A general exception is used by the accused to convert a crime into a non-crime. A general exception can be found in chapter IV of the Indian penal code 1860, where section 76 to section 106 provides a different exception to get through the liabilities and punishment. Section 6 of IPC explicitly states any offence committed should be read with the general exception. All the exception stated presumes that the accused is not guilty of the offence he has committed and the burden of proof rest to the accused that his/her case lies in one of the exceptions stated in chapter IV of the IPC. The person claiming general exception that committed the crime with all the ingredients which are needed to commit a crime (mens rea and actus rea). Once it is confirmed that the person has committed a crime then he/she can plead the defence of general exception and can be acquitted as innocent.
KINDS OF GENERAL EXCEPTION
From section 76 to 95 contains general exceptions and from section 96 to 106 is the private defence.
The mistake can be further classified into types:-
The mistake of facts: – it is defined in Section 76 IPC which states, “nothing is an offence which is done by a person who is, or who because of a mistake of fact and not because of a mistake of law in good faith believes himself to be, bound by law to do it”. It can be stated that mistake of fact is a permissible defence under general defences.
Example: – A shoots at B at a shooting range mistakenly taking it to be a dummy in the practice, where B had accidentally entered.
A shoots at B following and believing them to be correct, orders from his superior officer that B is a wanted criminal. It turns out B is not a wanted criminal.
In both the above example there was a mistake of facts and hence there will A will not attract any punishment as he/she can claim the defence of mistake of facts under section 79 of IPC.
Section 79 IPC states, “Nothing is an offence which is done by any person who is justified by law, or who because of a mistake of fact and not because of a mistake of law in good faith, believes him to be justified by law, in doing it”.
Example:- Trades in narcotics and psychotropic substances are thinking them to be perfectly legal, whereas, in reality, they are illegal. He is committing a mistake of law and cannot use it as a defence.
Section 80, IPC, 1860 defines accident as a defence, essential requisites to claim the defences of accidents are:-
- The act being done is legal
- The harm or illegality is caused by accident or misfortune
- There should be no criminal intention
- There are proper care and caution
So nothing is an offence which is done by accident or misfortune and without any criminal intention or knowledge in the doing of a lawful act in a lawful manner by lawful means and with proper care and caution.
Example:- A is cutting a tree with requisite permission and is very careful with the maintenance of his tools. While cutting a branch his axe head flies off and hits B who is standing behind him, which A did not know. Know the A can plead the defence of accident.
ACT OF MINORS
Section 82 of IPC defines that nothing is an offence that is done by a child under seven years of age.
Section 83 of IPC defines that nothing is an offence which is done by a child above seven years of age and under twelve, who has not attained sufficient maturity of understanding to judge of the nature and consequences of his conduct on that occasion.
Example: – Eight years old as a prank wanted to scare his grandfather and his grandmother who is of a very delicate heart dies of a heart attack. in this case, the child will be entitled to the excuse of a minor as he did not have the maturity or the understanding of possible consequences of the act.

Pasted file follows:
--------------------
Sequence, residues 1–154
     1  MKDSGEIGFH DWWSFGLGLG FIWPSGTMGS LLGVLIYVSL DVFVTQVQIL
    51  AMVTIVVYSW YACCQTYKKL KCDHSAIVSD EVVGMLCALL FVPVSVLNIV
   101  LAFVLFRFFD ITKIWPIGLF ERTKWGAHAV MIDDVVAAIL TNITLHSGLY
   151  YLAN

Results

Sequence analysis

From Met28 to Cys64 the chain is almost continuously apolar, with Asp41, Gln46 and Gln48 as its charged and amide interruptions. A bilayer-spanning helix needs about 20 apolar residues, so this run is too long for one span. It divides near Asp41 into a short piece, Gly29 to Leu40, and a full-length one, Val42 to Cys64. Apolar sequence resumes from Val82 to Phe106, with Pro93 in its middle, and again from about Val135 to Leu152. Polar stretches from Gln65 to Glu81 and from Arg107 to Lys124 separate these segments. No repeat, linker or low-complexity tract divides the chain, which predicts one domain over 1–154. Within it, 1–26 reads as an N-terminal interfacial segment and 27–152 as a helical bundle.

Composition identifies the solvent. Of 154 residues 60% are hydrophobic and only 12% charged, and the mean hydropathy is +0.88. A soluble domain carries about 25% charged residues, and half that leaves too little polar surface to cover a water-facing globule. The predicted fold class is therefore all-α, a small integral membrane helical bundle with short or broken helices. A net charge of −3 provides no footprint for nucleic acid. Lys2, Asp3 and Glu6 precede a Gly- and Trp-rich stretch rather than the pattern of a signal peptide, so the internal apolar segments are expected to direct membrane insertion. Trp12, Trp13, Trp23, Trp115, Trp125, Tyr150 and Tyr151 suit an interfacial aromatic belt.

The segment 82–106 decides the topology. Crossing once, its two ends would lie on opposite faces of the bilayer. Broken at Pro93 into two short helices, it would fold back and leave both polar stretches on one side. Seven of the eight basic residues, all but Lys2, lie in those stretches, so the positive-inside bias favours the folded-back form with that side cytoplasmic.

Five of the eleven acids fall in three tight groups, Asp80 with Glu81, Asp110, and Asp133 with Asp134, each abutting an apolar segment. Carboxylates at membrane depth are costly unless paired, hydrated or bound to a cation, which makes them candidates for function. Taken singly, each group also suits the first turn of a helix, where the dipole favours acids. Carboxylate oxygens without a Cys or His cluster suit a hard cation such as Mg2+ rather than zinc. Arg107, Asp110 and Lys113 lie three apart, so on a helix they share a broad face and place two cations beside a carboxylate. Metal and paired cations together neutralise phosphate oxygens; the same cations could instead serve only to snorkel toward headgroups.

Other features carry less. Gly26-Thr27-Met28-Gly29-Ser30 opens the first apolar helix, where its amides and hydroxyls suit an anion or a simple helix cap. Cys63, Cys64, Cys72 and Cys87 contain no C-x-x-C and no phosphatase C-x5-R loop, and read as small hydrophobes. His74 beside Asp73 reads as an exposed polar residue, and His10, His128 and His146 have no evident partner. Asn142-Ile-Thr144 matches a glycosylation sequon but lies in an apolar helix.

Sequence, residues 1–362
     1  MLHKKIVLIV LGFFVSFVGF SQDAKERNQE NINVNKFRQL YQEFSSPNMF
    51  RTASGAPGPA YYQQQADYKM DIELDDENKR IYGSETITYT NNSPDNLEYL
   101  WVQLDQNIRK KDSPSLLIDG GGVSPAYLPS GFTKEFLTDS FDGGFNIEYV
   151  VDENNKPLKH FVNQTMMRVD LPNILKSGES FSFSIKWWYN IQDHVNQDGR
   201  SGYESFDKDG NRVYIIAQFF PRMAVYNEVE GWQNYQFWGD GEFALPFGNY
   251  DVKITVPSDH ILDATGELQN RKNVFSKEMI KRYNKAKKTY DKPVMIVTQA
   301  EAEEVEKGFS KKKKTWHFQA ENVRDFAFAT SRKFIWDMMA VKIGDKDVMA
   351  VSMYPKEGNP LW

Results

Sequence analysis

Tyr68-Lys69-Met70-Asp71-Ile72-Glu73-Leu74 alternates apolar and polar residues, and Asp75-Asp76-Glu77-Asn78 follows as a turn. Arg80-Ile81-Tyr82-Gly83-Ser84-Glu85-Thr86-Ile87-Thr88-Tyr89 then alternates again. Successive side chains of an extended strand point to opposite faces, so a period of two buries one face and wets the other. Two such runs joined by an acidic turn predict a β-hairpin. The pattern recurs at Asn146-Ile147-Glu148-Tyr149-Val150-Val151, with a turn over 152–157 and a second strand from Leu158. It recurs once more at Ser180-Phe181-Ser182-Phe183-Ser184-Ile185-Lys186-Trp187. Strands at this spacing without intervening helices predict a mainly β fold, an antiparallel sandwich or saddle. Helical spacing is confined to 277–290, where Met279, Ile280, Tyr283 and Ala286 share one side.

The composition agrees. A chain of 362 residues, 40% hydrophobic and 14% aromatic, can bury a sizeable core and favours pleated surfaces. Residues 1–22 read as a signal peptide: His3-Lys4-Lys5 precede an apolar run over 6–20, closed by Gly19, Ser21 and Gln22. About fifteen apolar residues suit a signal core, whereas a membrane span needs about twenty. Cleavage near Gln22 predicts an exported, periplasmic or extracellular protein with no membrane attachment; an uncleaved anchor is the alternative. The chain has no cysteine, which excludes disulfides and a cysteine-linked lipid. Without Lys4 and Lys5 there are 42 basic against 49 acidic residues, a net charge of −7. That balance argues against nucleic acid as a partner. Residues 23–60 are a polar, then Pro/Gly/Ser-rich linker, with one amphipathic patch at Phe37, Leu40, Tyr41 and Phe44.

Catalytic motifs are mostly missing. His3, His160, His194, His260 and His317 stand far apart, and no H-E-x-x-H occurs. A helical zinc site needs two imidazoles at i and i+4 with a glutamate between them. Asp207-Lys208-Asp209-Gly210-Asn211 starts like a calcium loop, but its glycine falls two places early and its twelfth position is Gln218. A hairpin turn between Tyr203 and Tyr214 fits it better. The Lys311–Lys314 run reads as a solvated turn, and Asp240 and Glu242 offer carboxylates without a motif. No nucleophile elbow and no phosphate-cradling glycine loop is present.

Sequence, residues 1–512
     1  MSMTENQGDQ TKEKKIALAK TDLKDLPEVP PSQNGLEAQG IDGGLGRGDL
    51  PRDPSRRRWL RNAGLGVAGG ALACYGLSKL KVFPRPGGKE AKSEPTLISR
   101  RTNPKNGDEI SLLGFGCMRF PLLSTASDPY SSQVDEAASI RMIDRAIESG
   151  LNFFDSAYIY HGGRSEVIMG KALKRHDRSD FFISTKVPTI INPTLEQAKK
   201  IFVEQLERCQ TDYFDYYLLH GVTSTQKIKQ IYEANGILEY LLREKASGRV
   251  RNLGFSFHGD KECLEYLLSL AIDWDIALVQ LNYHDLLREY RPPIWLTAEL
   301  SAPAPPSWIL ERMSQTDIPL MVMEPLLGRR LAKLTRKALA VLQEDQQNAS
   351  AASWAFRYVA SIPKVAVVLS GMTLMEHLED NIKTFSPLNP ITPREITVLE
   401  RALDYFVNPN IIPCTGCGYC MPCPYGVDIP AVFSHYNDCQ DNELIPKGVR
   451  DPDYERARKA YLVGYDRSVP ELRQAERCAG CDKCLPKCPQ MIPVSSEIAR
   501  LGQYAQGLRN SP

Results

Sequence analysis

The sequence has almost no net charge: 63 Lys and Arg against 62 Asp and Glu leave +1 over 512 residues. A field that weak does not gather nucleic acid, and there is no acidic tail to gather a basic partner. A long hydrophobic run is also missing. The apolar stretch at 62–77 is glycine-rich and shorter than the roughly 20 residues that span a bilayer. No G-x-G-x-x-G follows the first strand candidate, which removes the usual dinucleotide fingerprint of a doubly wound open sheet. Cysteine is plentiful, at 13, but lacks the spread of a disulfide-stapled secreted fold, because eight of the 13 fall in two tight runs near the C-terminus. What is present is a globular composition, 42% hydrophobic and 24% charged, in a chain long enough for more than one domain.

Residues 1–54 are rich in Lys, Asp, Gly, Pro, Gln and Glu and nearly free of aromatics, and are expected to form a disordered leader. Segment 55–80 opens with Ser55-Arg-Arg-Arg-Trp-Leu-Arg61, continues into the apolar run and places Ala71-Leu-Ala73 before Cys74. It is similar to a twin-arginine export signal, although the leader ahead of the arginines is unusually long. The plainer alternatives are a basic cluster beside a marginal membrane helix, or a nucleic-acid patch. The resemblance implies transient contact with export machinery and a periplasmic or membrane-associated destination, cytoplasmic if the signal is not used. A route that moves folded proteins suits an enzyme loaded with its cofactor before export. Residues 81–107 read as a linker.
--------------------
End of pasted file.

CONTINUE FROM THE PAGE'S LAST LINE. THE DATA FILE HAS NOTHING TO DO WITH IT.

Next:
An eleven-year-old threatens to harm his friend if he does not hand him his pencil box .his friend refuses .the boy then goes to his locker room, takes out his baseball bat, and then comes to his friend, takes him to a secluded place on a false pretext and then beats him up grievously, in this case, the boy can be held guilty as he knew the consequences of his act
PERSON OF UNSOUND MIND
Section 84 defines that when an act is committed by a person of unsound at the time of the commission of the offence then it is deemed not to be a crime under this section.
The unsound person can be further divided into four types:-
- Non-compos mentis by illness
- Mad person
- Example: A, who is insane or unsound, killed B with a knife, thinking it to be a fun game, will not be liable for B’s death as he was not aware of the nature of the act and law. He was incapable of thinking judiciously.
Anything done under intoxication is not a crime and we find this under sections 85 and 86 of IPC.
The reason why intoxication is a defence is that the accused is not in his or her senses and is therefore unable to form the intention or has the requisite quality mind necessary to constitute the mental element in a crime to get a defence of intoxication it must be involuntary.
Example:-`m got drunk of his own volition and on his way back home he assaulted a policeman. He is prosecuted for intimidating a public servant, in this particular case m cannot claim the defence of intoxication as it was voluntary.
In today’s time, we can say crime done for the public good or without mens rea should be given a chance to explain the viewpoints as to why they have committed such a crime the general exceptions which are available to the accused to escape liability or save himself from the offence committed. General exception follows a parallel philosophy .when certain acts qualify as a crime; the law at times deems them as they are not crimes. The reason for it is that the person committing the crime did not understand what he was doing or that where he or she understands there was a compulsion or necessity, and would not have done the crime otherwise.
Author(s) Name: Ritik Goyal (IMS Law College, Noida)